Small-company owners who accept professional accounting help still won’t totally relinquish the financial reins of their outfit because they regard their accountant merely as a ‘bean counter,’ rather than a ‘partner’ who can advance the business.
Having quizzed 11 micro-businesses, the Chartered Institute of Management Accountants found that, generally, owners want to retain control of their data so are reluctant to let an expert crunch the numbers.
In line with the “bean counter image” of accountants that they have, the owners worry that passing up their normal involvement to instead use such a professional adviser would result in a “generic, highly aggregated summary” of their firm’s statistics.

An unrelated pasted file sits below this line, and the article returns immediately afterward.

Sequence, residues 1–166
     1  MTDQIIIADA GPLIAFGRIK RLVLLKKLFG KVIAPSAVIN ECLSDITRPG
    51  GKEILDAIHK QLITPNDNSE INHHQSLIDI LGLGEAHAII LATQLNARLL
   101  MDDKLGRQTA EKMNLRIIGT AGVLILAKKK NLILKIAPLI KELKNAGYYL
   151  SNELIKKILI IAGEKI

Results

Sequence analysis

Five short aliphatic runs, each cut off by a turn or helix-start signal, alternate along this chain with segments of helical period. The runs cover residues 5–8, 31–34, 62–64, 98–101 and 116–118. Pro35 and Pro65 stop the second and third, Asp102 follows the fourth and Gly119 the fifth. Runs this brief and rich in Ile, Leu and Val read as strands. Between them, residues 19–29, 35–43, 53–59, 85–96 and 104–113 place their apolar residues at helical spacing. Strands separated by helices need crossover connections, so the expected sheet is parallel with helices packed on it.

Unlike accountants they could hire, the owners said that they knew precisely “what was going on” with their venture, affording them “superior insights” into the numbers and “greater control” over their operation, which often contained data they deemed to be sensitive.
For the accountancy institute, however, and particularly its members, it says the “dissemination of the business partnering concept” among smaller firms needs to improve, so they become more aware of the potential contribution accountants can make to enterprises.
Moreover, it was suggested that owner-managers could benefit from spending more time developing their business, such as honing marketing or new product development, if combing through their venture’s financial data was no longer left to them alone.